If I had a dollar for every time a mom has said to me, “I thought breastfeeding was natural. I don’t understand why it is so hard.” My response is often, what about this experience has been natural so far?
Think about all the things during birth that are anything but “natural”?
- Stripping of membranes
- Induction of labor with anything, Pitocin, foley bulb, Cytotec
- Artificial rupture of membranes (good-bye hot-tub)
- Pitocin at any time – induction or if labor stalls
- Cesarean birth
- Forceps or vacuum-assisted birth
- Mom being made to stay in bed, either on her side or just sitting up
What You Can Do About It
These things will go a long way to getting you and your baby on the path to a successful breastfeeding relationship.
- Skin-to-skin. As much as possible.
- See a lactation consultant.
- Do some hand expression and rub your colostrum drops onto your baby’s gums and tongue.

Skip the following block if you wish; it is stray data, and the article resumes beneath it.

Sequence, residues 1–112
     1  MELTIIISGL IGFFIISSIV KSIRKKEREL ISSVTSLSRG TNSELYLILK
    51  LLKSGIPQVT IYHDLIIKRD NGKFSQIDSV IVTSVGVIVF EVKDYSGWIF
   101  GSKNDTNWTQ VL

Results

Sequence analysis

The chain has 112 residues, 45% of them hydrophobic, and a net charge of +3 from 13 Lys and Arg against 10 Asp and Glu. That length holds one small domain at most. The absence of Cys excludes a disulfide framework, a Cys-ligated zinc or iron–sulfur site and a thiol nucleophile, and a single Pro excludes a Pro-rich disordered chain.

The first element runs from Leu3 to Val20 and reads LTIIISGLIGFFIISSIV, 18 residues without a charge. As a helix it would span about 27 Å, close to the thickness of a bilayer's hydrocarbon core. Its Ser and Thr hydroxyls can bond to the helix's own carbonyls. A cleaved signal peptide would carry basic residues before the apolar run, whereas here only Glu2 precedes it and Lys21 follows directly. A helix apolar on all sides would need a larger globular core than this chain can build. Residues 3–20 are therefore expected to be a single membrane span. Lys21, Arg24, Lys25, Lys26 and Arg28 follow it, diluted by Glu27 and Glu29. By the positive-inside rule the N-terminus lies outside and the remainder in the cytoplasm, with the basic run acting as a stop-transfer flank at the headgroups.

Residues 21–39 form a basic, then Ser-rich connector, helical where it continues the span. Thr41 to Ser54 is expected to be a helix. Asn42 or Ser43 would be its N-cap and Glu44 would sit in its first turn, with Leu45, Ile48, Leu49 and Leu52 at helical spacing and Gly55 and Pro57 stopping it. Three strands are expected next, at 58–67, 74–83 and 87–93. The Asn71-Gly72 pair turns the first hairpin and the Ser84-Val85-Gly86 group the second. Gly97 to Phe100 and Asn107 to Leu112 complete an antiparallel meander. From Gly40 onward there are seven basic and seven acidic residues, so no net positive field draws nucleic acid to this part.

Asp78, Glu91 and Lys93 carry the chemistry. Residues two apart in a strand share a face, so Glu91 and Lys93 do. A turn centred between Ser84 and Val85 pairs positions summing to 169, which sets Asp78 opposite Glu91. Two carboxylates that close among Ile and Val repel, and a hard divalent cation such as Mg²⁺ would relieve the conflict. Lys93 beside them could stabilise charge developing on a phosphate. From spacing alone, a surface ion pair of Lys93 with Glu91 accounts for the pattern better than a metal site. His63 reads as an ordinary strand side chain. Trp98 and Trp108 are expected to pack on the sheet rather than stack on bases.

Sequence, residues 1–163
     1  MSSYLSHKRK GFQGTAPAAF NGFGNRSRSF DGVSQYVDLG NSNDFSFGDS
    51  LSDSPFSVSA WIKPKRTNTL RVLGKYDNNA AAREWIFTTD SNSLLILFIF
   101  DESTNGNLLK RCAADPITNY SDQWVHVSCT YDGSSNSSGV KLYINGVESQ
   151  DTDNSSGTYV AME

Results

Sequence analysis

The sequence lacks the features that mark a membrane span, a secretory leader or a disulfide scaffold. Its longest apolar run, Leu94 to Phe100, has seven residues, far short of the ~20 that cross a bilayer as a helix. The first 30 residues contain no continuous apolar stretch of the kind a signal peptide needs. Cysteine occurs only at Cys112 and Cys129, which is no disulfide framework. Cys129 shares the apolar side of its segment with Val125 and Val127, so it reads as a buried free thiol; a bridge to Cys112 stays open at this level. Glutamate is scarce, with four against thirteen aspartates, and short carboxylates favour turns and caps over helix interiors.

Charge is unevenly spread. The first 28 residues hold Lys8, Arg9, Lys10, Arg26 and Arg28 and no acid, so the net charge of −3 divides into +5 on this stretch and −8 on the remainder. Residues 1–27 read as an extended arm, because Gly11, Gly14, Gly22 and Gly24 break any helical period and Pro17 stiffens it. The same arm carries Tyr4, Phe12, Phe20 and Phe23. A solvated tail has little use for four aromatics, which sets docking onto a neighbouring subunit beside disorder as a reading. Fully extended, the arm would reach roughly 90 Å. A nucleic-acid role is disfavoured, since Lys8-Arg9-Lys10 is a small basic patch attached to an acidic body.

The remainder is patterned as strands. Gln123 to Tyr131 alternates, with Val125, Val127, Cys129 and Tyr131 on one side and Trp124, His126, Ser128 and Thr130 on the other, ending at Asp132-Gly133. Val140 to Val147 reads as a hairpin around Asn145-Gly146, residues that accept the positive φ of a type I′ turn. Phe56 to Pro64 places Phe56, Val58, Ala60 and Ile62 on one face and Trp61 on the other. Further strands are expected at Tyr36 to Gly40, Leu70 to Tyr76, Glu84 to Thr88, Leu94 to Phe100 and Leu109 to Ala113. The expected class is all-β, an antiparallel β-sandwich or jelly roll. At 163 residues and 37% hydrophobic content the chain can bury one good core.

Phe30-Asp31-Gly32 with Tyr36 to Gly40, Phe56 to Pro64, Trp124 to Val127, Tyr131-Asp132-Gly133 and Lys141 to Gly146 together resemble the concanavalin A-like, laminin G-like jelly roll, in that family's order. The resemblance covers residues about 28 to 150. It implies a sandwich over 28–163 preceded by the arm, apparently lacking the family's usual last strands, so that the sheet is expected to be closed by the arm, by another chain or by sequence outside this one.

- Pump to support your milk supply if your lactation consultant recommends it. I’m generally in the school that believes, if in doubt, pump.
- Avoid bottles if you can.
- Avoid formula if you can
- Both bottles and formula may be necessary for some babies
- Find out if human donor milk is an option
- Some moms express some colostrum in the weeks before birth to use if supplementation becomes necessary.
- There are usually alternatives to bottles like the Supplemental nursing system (SNS) and spoon feeding
- Some more patience
One Final Thought
Babies are meant to breastfeed. It may just take some a little longer than others. If you are patient and get help, most moms and healthy babies will be successful.Did you struggle with breastfeeding in the beginning? Did you have any of these interventions or any others?
Birth and Breastfeeding
Andrea Tran RN, MA, IBCLC
Andrea has been working with new families as an RN for over 35 years and a Lactation Consultant for over 25 years.
She has her MA in Health and Wellness with a focus in Lactation.